How Sephardi Jews Brought Their Traditional Alcohol to America

Raki, an anise-flavored liquor (similar to arak or ouzo), was a favorite beverage of Sephardim living in Turkey, Greece, and Bulgaria. Since it is generally made from raisins—i.e., dried grapes—it requires special kosher supervision, so Jews often made their own. Eugene Normand and Albert S. Maimon relate the history of Jewish raki production in the Old World and the New:

One of the keys to the hallowed status of raki over the generations is the fact that it was usually made at home, with a home-made still, by the few men in the community to whom the brewing art was known, having been handed down by brewers of the previous generations. . . . One of the famous raki makers of the 19th century was in fact a rabbi, Meir Jacob Nahmias, who produced fine-quality raki in the city of Salonika on a commercial scale. Apparently his production secrets were passed down to his children. . . .

When the Ottoman Sephardim began immigrating to the United States, those who had the knowledge of how to make the raki set up shop on these shores. We see this very clearly in the experiences of the Turkish Sephardim who settled in Seattle. . . . All of these men, and some of the women too, loved their raki, so in short order those men who knew how to make the raki set up shop in their own homes and began producing because there was a large customer base waiting for the product.

Read more at Sephardic Horizons

More about: Alcohol, American Jewry, History & Ideas, Ottoman Empire, Seattle, Sephardim


Would an American-Backed UN Resolution Calling for a Temporary Ceasefire Undermine Israel?

Yesterday morning, the U.S. vetoed a United Nations Security Council resolution, sponsored by Algeria, that demanded an immediate ceasefire in Gaza. As an alternative, the American delegation has been circulating a draft resolution calling for a “temporary ceasefire in Gaza as soon as practicable, based on the formula of all hostages being released.” Benny Avni comments:

While the Israel Defense Force may be able to maintain its Gaza operations under that provision, the U.S.-proposed resolution also warns the military against proceeding with its plan to enter the southern Gaza town of Rafah. Israel says that a critical number of Hamas fighters are hiding inside tunnels and in civilian buildings at Rafah, surrounded by a number of the remaining 134 hostages.

In one paragraph, the text of the new American resolution says that the council “determines that under current circumstances a major ground offensive into Rafah would result in further harm to civilians and their further displacement including potentially into neighboring countries, which would have serious implications for regional peace and security, and therefore underscores that such a major ground offensive should not proceed under current circumstances.”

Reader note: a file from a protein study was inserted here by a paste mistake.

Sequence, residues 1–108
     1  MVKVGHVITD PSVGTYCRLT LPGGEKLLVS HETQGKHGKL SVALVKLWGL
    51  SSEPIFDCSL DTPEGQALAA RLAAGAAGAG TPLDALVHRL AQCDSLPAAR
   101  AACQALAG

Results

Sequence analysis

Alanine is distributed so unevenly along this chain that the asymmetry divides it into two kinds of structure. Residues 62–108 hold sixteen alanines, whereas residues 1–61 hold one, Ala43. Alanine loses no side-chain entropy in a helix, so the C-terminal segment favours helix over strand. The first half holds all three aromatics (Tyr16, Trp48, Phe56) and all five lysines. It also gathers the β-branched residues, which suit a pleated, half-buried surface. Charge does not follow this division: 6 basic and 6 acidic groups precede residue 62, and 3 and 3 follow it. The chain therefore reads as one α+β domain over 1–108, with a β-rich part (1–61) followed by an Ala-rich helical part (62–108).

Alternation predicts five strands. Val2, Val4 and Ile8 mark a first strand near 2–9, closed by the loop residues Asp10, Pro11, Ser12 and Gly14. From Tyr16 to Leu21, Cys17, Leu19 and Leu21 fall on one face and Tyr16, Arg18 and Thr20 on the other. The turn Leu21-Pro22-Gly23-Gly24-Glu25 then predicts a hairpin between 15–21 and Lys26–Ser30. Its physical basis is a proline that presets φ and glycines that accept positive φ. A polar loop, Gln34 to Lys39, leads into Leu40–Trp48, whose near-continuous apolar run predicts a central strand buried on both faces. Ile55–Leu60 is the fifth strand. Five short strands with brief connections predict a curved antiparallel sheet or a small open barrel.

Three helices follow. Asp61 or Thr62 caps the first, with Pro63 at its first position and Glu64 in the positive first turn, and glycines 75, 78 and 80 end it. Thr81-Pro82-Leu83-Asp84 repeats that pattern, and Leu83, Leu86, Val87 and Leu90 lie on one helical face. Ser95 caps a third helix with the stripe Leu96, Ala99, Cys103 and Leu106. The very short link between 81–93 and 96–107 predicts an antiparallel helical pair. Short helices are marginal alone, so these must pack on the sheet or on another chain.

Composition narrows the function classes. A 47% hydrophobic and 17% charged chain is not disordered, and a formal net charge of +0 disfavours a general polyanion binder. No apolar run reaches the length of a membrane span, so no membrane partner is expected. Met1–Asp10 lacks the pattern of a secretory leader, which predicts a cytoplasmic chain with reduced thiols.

In addition to the paragraph about Rafah, the American-proposed resolution is admonishing Israel not to create a buffer zone inside Gaza. Such a narrow zone, as wide as two miles, is seen by many Israelis as a future protection against infiltration from Gaza.

Perhaps, as Robert Satloff argues, the resolution isn’t intended to forestall an IDF operation in Rafah, but only—consistent with prior statements from the Biden administration—to demand that Israel come up with a plan to move civilians out of harms way before advancing on the city.

If that is so, the resolution wouldn’t change much if passed. But why is the U.S. proposing an alternative ceasefire resolution at all? Strategically, Washington has nothing to gain from stopping Israel, its ally, from achieving a complete victory over Hamas. Why not instead pass a resolution condemning Hamas (something the Security Council has not done), calling for the release of hostages, and demanding that Qatar and Iran stop providing the group with arms and funds? Better yet, demand that these two countries—along with Turkey, Syria, and Lebanon—arrest Hamas leaders on their territory.

Surely Russia would veto such a resolution, but still, why not go on the offensive, rather than trying to come up with another UN resolution aimed at restraining Israel?

Read more at New York Sun

More about: Gaza War 2023, U.S.-Israel relationship, United Nations